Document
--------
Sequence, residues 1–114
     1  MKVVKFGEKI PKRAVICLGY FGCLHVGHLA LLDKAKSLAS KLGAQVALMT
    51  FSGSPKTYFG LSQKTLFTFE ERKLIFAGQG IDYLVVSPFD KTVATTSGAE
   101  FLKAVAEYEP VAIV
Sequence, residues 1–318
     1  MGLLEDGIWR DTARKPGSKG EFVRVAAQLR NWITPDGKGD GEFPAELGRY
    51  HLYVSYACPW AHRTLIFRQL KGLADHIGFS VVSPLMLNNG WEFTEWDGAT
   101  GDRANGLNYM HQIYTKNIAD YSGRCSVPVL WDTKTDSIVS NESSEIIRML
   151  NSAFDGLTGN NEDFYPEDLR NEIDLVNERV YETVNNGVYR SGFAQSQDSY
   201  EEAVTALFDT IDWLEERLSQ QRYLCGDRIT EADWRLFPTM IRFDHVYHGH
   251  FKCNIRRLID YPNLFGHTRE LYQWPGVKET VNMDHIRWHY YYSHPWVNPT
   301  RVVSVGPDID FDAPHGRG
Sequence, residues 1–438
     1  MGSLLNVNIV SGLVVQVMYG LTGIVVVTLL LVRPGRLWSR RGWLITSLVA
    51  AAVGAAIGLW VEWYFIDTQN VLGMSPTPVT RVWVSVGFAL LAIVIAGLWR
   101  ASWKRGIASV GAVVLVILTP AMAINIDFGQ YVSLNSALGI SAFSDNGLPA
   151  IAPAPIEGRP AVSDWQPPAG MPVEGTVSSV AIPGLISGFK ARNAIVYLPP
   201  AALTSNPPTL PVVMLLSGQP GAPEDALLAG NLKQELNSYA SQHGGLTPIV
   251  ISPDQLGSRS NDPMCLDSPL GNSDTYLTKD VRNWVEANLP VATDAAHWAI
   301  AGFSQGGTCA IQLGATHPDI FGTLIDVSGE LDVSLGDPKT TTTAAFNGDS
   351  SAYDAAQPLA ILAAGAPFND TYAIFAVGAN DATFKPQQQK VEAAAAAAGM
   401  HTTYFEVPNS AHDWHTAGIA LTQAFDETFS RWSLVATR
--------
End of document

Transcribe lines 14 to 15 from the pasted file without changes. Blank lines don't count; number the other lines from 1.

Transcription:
     1  MGSLLNVNIV SGLVVQVMYG LTGIVVVTLL LVRPGRLWSR RGWLITSLVA
    51  AAVGAAIGLW VEWYFIDTQN VLGMSPTPVT RVWVSVGFAL LAIVIAGLWR